|Teaching Assistant:||Jiyong Jang (Office hours: Mon 1:30-2:30pm @ CIC 2128B | 2312)|
|Thanassis Avgerinos (Office hours: Thu 4-5pm @ CIC 2308)|
|Matt Maurer (Office hours: Tue 11am-noon @ CIC 2128C)|
Poor software design and engineering are the root causes of most security vulnerabilities in deployed systems today. Moreover, with code mobility now commonplace--particularly in the context of web technologies and digital rights management--system designers are increasingly faced with protecting hosts from foreign software and protecting software from foreign hosts running it. This class takes a close look at software as a mechanism for attack, as a tool for protecting resources, and as a resource to be defended.
This course is a graduate-level class covering research and advanced topics in software security. We will learn about:
- Insecure languages and attacks. We first investigate programming in "unsafe" programming languages such as C. We cover typical C/C++ vulnerabilities such as buffer overflows, format strings, heap vulnerabilities, and so on. The homework problems should be really fun: you will create working exploits that give you a shell.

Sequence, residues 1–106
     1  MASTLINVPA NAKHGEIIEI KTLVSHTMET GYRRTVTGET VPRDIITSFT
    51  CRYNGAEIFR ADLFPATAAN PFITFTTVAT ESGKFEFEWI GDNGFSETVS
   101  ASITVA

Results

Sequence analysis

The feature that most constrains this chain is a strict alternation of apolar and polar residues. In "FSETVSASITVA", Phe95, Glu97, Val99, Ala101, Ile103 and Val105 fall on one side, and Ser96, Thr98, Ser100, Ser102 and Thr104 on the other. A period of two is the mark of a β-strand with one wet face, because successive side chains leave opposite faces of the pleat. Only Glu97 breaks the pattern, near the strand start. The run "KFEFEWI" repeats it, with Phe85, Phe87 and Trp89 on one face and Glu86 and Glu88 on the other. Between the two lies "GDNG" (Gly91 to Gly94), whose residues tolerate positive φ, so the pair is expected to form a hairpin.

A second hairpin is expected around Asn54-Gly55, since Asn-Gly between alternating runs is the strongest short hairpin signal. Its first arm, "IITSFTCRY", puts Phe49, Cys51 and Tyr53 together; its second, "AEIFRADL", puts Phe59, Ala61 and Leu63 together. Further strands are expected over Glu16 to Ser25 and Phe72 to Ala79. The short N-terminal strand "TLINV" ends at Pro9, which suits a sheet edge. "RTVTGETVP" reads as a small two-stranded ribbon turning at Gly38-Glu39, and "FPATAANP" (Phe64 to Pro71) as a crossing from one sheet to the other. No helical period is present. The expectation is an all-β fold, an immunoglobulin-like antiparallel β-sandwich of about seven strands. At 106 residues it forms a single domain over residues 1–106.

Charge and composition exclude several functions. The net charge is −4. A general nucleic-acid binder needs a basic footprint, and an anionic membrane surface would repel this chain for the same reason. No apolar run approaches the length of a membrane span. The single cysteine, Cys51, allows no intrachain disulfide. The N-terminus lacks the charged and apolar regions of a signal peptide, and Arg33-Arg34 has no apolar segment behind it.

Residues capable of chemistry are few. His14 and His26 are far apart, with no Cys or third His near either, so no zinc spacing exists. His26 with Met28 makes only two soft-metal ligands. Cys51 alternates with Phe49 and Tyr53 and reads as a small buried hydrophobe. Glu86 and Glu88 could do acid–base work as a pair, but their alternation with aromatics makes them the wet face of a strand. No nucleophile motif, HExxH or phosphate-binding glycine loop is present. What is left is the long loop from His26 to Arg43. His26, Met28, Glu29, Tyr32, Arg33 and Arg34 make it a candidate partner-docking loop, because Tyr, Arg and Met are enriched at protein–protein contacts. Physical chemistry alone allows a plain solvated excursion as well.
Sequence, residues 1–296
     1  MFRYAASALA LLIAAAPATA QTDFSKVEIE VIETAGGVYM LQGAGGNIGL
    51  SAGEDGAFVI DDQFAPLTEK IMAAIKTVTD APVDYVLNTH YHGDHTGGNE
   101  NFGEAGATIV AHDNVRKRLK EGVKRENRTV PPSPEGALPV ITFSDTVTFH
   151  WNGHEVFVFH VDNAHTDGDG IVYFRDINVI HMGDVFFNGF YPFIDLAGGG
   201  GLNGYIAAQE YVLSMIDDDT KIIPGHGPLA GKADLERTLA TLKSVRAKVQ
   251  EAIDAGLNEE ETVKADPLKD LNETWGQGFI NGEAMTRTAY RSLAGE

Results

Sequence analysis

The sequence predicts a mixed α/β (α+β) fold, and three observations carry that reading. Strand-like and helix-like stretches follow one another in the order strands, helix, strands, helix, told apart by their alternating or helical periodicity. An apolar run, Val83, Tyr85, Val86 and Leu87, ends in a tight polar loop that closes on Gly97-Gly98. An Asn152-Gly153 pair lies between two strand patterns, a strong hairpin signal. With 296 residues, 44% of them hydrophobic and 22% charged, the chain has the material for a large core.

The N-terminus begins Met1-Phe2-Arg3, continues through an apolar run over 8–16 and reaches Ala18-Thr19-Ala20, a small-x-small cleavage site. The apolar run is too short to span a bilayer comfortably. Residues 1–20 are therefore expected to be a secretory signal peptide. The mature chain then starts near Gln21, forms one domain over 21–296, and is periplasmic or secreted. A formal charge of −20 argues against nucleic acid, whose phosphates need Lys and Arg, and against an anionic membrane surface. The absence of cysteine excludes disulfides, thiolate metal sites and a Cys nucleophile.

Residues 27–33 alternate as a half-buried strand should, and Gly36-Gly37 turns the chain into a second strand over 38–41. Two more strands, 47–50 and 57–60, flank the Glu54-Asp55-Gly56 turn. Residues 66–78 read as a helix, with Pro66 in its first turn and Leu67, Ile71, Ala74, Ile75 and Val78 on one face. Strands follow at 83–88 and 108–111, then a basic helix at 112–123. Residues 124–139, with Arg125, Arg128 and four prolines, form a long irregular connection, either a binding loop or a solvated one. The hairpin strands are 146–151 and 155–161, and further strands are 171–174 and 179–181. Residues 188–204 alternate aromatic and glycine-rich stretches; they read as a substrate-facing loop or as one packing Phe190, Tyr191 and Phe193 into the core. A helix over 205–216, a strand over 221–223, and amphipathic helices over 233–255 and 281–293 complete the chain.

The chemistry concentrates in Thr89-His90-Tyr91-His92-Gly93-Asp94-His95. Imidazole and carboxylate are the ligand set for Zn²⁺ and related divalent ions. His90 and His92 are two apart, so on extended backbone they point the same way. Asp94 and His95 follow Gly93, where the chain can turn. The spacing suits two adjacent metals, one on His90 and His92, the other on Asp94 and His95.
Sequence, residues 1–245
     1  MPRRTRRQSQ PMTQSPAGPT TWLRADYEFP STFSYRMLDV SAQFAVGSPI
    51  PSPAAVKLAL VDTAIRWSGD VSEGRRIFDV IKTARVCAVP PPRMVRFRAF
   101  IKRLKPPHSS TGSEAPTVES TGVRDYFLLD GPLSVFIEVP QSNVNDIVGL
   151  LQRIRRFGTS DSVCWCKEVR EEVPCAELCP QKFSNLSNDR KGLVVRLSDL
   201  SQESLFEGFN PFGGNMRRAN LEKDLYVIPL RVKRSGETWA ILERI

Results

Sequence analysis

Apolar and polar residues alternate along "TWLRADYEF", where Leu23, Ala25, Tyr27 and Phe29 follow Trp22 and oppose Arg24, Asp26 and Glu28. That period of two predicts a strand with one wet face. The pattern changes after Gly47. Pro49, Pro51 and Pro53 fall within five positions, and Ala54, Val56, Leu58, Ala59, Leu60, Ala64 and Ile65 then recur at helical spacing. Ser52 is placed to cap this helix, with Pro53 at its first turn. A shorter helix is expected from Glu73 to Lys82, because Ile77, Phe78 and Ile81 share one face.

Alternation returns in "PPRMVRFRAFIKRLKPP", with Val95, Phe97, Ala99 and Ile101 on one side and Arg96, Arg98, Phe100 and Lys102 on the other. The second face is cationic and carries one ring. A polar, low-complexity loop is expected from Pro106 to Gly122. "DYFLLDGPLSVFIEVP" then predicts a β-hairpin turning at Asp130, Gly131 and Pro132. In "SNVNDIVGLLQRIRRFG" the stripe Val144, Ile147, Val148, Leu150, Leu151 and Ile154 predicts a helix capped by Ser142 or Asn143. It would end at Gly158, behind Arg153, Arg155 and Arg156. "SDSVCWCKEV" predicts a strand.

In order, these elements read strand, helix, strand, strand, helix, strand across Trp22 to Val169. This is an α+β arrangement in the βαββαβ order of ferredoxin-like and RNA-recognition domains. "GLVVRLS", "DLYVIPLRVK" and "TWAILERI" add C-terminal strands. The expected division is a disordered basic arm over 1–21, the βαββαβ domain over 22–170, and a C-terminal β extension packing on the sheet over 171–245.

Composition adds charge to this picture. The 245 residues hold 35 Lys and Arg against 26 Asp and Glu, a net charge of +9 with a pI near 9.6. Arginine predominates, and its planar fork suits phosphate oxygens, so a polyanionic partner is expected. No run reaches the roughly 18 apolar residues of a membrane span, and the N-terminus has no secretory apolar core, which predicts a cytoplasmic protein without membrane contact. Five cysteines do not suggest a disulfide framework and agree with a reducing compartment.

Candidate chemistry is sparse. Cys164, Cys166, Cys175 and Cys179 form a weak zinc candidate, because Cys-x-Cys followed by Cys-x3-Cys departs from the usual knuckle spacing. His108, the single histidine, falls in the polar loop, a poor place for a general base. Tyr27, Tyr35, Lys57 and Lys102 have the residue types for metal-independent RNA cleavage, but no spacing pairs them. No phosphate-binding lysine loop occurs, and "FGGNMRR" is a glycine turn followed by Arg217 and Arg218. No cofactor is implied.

- Fixing C: Backward compatible defenses. We will cover defenses such as ASLR and DEP that protect otherwise vulnerable programs from exploitation. We will also talk about their limitations and modern attacks, such as return-oriented programming.
- Fixing C: Memory and Control Flow Safety. Why can't we just fix C to be safe? We'll explore two different solutions (control flow integrity and CCured) and their limitations.
- Model checking: What is this, and how is it used in security?
- Web security: hacking both the client and server.
- Information flow. We'll learn about taint analysis, covert information flow (like timing attacks against crypto), and the idea of non-interference.
- Software Model Checking. This loosely encompasses static analysis, temporal model checking, and proving programs correct.
This course first covers state-of-the-practice, and progressively moves toward start-of-the-art in research. We cover both secure software design and attacks. At the end of the course, students should be able to demonstrate mastery of state-of-the-practice by:
- Describing and finding common vulnerabilities in programs.
- Create exploits against traditional vulnerabilities.
- Describing current defenses.
- Describe some of the research in the area.